And how do I know that the fruits will be luscious? Because last autumn I was at an experimental orchard photographing fruits for a new book that I’m writing. Of course, I also tasted them, and that’s why Chestnut Crab, Honeygold, Mollie’s Delicious and King of the Pippins will be joining the two-dozen or so other varieties of apples already here. Cayuga White, Bertille Seyve 2758, Steuben, Lakemont, Wapanuka, Himrod, Romulus and Venus will be joining my grapes.
It is “totipotence” – of the plants, not me – that allows unlocking the potential treasures within today’s mailed sticks. Within a plant, every cell except for reproductive cells has the potential to become a root, a shoot, a flower, a thorn, a fruit or any other part of a plant. For that matter, the same is true for humans and other animals. All that are needed are the right conditions to get the various parts to grow – and there’s the rub.
A little art and science puts totipotence to work. In the case of the apples, I’ll graft those stems onto my existing trees or onto small rootstocks. Existing trees or rootstocks provide nothing more than roots to nourish shoots that will eventually sprout from the sticks. The plant beyond the graft remains genetically that of whatever variety is grafted upon the rootstock. Grape sticks will get plunged into the ground, where they will grow their own roots, shoots and everything else. Apples aren’t so amenable to growing their own roots.
Nothing is happening yet. Warmth will awaken those sticks. For now, they’re being kept cool and dormant. I should be tasting the first fruits of my labors in three years.
Although I have gardened for decades, I’m a relative newbie to greenhouse gardening. Sure, I dabbled in various greenhouses over the years; but I’ve only experienced the intimate vagaries of my own greenhouse for the last ten years. It took all this time for it finally to dawn on me that Murphy’s Law – “Anything that can go wrong will go wrong” – also applies in the greenhouse. In retrospect, why wouldn’t it?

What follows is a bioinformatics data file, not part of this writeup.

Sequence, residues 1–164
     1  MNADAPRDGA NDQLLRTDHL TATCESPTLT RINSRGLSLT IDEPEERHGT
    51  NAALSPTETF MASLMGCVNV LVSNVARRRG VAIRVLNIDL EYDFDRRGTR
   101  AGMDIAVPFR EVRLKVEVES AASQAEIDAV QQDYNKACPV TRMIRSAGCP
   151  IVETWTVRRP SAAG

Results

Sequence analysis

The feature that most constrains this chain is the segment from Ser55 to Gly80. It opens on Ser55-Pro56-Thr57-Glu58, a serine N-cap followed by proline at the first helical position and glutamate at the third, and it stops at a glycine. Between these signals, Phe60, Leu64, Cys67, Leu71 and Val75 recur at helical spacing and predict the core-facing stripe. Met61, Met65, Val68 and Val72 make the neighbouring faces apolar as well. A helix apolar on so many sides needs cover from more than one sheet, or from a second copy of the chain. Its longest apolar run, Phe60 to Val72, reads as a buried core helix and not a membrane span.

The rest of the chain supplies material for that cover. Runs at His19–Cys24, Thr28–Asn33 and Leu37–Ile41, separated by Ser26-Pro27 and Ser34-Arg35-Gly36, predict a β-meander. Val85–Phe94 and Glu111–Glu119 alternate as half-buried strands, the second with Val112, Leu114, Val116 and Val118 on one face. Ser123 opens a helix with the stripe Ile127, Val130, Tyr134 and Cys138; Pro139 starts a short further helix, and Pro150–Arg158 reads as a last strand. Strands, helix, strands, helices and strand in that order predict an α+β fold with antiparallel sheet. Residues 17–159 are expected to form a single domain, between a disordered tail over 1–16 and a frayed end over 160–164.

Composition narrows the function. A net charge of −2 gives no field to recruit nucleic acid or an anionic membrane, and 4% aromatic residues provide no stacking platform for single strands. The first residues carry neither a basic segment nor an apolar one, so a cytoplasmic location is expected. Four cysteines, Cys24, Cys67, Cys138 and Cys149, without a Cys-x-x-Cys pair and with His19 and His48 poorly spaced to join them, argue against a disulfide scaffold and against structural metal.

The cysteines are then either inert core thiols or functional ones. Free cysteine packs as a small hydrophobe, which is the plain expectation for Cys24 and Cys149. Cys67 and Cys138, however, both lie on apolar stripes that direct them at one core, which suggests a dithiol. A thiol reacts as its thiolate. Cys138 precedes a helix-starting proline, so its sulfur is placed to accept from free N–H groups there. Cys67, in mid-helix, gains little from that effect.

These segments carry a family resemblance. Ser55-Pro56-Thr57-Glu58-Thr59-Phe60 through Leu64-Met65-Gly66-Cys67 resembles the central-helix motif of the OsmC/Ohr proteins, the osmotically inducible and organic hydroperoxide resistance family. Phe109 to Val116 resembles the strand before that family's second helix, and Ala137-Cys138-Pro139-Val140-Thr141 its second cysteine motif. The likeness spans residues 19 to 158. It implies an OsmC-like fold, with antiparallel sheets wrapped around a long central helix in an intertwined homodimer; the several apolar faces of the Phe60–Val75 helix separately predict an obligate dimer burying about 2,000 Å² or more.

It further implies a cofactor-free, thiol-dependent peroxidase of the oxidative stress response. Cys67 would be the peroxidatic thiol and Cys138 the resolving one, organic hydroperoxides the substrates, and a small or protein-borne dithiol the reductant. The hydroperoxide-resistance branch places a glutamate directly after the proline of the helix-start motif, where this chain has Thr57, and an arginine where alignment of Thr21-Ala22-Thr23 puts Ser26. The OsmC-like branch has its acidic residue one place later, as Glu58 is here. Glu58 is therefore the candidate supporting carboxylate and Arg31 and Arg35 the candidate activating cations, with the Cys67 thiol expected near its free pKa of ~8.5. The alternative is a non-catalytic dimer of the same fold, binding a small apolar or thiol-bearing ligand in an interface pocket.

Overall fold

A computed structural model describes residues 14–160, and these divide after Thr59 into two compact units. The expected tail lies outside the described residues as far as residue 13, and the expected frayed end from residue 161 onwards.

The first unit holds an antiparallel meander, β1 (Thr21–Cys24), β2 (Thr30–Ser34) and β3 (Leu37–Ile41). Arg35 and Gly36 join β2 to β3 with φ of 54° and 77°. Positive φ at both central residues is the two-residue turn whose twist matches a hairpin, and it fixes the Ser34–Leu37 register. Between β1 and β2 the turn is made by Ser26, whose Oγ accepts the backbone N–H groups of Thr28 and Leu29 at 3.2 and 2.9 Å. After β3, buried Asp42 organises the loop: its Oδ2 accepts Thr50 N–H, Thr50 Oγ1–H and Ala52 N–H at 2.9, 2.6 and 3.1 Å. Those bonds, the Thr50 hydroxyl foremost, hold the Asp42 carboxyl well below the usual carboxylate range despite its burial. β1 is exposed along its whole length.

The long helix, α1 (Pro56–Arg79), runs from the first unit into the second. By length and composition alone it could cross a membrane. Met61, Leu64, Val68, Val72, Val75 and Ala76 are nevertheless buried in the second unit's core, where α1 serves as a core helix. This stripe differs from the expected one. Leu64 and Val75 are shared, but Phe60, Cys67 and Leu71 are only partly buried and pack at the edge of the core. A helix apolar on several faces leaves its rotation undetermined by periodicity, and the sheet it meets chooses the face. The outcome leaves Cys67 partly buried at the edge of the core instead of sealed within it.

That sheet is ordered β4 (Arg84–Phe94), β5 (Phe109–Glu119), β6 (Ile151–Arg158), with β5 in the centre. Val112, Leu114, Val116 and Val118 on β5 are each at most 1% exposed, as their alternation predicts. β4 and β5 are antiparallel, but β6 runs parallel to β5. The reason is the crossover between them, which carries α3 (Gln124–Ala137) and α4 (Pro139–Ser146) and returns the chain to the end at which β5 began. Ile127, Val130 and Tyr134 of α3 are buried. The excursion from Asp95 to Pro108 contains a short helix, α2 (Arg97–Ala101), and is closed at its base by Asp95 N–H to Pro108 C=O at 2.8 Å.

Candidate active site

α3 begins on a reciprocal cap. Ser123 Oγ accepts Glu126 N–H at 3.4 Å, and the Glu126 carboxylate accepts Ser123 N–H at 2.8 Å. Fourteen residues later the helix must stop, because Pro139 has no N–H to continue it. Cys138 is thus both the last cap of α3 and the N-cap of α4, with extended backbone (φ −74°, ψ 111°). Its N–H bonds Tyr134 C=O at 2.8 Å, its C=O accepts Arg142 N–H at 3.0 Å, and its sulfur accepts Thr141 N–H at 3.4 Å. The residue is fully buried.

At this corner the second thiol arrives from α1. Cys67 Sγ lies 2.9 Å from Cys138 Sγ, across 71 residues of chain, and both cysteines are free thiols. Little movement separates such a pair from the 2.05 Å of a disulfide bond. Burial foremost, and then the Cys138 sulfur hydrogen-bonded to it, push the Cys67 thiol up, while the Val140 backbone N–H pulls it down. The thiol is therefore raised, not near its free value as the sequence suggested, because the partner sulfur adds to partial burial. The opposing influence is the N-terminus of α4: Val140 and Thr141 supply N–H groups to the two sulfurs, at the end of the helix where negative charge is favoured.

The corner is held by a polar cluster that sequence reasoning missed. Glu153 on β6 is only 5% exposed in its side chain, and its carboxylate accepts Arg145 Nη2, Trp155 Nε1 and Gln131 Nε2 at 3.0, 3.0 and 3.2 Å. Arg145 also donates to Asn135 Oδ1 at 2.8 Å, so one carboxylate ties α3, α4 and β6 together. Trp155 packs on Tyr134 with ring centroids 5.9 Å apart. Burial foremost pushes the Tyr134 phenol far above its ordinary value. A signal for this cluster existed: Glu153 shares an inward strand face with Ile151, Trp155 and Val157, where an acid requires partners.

I had my brush with the law one evening a couple of weeks ago when I went to pick some lettuce for a salad. Methinks, “Hmmm, quite nippy in here.” But then, except from when sunlight is beaming through the plastic covering, it’s always nippy in there in winter. Salad greens, kale, chard and celery thrive in those cool temperatures. (The in-ground figs stay dormant and leafless.)
Still, temperatures felt nippier than normal, so I checked the thermometer to confirm – and yes, it was getting down into the high 20s. I then checked the propane heater, which ignored me as I twisted the dial on the thermostat clockwise.
I propose a corollary to Murphy’s Law: “Anything that can go wrong will go wrong – at the worst possible time!” Temperatures the night before had plummeted below zero. No wonder a water line had burst that morning. I assumed that frigid temperatures had made only that corner of the greenhouse too cold. Fortunately, after a lot of nailbiting, the gasman and I determined that the pilot light had blown out in the heater. Most plants survived the cold.
One event does not a Law make. Thinking back to last year, I remembered a more serious freeze in the greenhouse. One day everything looked verdant; the next day, mush. (The gas company had forgotten to refill the propane tank.) After that event, I rigged up a backup electric heater, just in case temperatures dropped below freezing.
Perhaps yet another Murphy’s Law corollary is needed. On the night of the most recent freeze, the electric heater was, of course, hooked up – except that it wasn’t poised for warmth. The thermostat was directing it to wake up, but I had forgotten to flip the heater’s on/off switch to “on.”
Live and learn: The sun is now setting, the mercury is now plummeting and high winds could, I assume, blow out the pilot light again tonight. When I go out to pick some lettuce, celery and parsley, I will: check the propane heater; check the electric heater; check that the water line is off; and remember to latch the door closed on my way out – really!
Any gardening questions? E-mail them to me at firstname.lastname@example.org and I’ll try answering them directly or in this column. Check out my garden’s blog at www.leereich.blogspot.com.